In the past two days, Marvel has made two huge announcements about its burgeoning media empire. First, the comics leader announced that the new Ms. Marvel, a prominent member of the Avengers, would be a Pakistani-American Muslim teenager named Kamala Khan. Just Thursday morning, Marvel announced a partnership with Netflix to produce five new original series focusing on Marvel superheroes, an enormous expansion of its live-action properties.
There’s a lot to say about these decisions. But one thing that stuck out is the diversity in Marvel’s new properties. Not only is Kamala Khan, well, Kamala Khan, but of the four full series in the Netflix order (the fifth is a mini), one stars a woman (Jessica Jones), the second a black man (Luke Cage), and a third a character with disabilities (Daredevil).
What’s striking isn’t just the sheer diversity of these characters’ backgrounds, but the business logic behind it. The future of Netflix is looking to be in original television, so Marvel is banking a large part of its investment in a growing industry on the theory that superhero fans are willing to tune in for stories about people of all kinds. Given the overwhelming white maleness of the Avengers franchise, that’s a much more impressive commitment to diversity than any platitude offered by an executive.
It’s a smart bottom-line move. Sleepy Hollow, one of TV’s most diverse shows, has been a massive hit for Fox, so much so that the executives have come to start thinking about cast diversity as a smart business move. The show’s success proof positive that genre television audiences aren’t troglodytes, and that well-told stories can build an audience even their cast doesn’t resemble the demographic profile in someone’s uninformed stereotype of Comic Con.
So if Marvel is coming around to Fox’s view that diversity is an asset, why haven’t DC and Warner Brothers? It’s not like DC adaptations haven’t in the past. The animated Justice League, one of the most beloved superhero shows of all time, adjusted the League’s more traditional lineup to broaden its race-and-gender horizons, substituting John Stewart (a black Green Lantern) for Hal Jordan and Hawkgirl for Hawkman.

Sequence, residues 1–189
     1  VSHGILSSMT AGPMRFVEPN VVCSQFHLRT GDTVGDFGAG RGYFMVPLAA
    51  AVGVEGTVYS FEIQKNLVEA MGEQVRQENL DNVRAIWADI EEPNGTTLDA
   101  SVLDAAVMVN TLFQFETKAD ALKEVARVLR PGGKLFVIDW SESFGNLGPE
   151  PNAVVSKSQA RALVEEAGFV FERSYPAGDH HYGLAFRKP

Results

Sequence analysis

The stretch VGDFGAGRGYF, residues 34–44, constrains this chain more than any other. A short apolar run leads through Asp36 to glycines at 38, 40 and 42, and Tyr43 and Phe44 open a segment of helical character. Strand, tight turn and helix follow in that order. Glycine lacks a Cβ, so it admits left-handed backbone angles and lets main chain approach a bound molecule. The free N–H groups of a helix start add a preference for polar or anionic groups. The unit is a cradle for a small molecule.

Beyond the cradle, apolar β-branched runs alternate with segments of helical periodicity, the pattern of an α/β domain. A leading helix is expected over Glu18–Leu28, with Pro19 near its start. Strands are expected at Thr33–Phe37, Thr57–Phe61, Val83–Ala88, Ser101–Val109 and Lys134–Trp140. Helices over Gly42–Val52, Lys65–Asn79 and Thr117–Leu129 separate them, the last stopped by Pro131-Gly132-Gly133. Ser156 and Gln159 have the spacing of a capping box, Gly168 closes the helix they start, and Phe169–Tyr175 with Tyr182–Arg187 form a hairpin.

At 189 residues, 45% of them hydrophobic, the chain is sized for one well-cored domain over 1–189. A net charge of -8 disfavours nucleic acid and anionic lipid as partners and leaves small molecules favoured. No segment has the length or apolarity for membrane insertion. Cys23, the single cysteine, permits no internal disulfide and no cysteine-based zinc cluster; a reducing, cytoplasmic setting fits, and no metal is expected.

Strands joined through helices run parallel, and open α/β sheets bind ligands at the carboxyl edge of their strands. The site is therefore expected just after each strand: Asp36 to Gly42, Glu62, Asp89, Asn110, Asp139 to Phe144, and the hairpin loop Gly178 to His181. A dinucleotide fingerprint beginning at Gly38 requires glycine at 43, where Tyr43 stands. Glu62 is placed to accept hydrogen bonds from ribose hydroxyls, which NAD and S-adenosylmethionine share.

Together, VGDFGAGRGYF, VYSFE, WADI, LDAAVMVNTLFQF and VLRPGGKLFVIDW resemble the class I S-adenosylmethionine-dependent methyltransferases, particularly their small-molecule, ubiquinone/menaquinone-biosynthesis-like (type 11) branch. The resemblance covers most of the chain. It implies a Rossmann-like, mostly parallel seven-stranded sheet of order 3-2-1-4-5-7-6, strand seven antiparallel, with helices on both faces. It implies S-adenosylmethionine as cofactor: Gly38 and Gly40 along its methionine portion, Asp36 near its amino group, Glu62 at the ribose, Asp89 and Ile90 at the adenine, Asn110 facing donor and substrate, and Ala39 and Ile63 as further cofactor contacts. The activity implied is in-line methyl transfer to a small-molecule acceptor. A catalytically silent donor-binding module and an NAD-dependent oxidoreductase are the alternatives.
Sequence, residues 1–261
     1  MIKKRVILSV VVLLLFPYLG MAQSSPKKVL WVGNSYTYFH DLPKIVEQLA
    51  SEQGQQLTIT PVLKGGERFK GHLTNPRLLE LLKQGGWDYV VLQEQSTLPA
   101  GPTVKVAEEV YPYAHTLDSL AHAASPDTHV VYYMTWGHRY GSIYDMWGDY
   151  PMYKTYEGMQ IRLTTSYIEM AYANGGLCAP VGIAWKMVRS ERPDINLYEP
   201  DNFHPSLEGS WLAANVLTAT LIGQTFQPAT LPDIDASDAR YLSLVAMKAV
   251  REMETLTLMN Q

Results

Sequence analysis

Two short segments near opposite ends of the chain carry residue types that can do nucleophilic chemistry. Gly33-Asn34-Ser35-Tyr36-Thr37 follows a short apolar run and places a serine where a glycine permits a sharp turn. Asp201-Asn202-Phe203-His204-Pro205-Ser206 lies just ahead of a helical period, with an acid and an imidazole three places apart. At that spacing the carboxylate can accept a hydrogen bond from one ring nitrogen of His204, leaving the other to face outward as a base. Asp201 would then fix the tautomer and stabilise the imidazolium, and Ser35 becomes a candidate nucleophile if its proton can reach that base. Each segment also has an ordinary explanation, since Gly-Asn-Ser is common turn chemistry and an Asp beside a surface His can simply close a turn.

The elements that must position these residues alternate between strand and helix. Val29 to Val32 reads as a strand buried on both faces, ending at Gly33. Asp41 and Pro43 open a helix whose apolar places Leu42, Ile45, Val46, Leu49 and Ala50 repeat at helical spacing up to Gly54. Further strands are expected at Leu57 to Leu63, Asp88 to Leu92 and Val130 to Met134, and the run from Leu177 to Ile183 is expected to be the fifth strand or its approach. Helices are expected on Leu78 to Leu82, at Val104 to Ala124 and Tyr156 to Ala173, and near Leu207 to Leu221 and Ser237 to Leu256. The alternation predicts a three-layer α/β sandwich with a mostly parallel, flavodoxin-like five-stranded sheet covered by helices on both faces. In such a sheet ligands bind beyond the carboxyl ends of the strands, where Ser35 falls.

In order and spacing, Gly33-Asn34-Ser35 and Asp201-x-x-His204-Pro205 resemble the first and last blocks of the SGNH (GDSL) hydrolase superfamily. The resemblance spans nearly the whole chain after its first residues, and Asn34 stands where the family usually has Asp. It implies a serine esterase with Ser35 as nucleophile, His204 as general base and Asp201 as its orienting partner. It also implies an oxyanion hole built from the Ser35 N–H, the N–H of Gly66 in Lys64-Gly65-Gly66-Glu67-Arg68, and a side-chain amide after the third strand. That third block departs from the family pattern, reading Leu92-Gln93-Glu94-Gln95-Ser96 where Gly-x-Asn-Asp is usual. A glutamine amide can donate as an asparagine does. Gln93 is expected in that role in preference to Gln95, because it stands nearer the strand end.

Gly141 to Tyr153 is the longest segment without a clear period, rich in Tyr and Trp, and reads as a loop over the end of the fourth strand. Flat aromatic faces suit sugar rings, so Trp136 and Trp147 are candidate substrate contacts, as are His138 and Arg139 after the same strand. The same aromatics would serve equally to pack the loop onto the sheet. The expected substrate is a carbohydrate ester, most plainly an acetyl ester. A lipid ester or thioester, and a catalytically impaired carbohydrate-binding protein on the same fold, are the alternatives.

But the new DC film and television expansions aren’t following in Justice League‘s footsteps. Superman and Batman are Henry Cavill and Ben Affleck. Green Lantern was Hal Jordan, played by Ryan Reynolds, rather than John Stewart. There still aren’t any public plans to make a Wonder Woman movie, despite the Justice League rumors, and DC leaders are suggesting Diana is harder to adapt than her male counterparts for some very confused reasons. Meanwhile, the DC television shows — Arrow, which I love, and a soon-to-come Flash spinoff — also both star white guys.
The DC universe(s) don’t appear to be as centralized as Marvel’s are: I have no idea, for instance, whether Stephen Amell’s Green Arrow exists in the same universe as Henry Cavill’s Man of Steel. So it’s probably not fair to blame any one person or creative team. But there have been several recent troubling developments on DC’s mainstay comics side that suggest a curious inability to recognize how and why different kinds of diversity matter to good storytelling.
Neither Marvel’s comics nor live-action enterprises are close to perfect on that scores. But the recent Ms. Marvel and Netflix moves the company is opening up another competitive advantage on its biggest rival.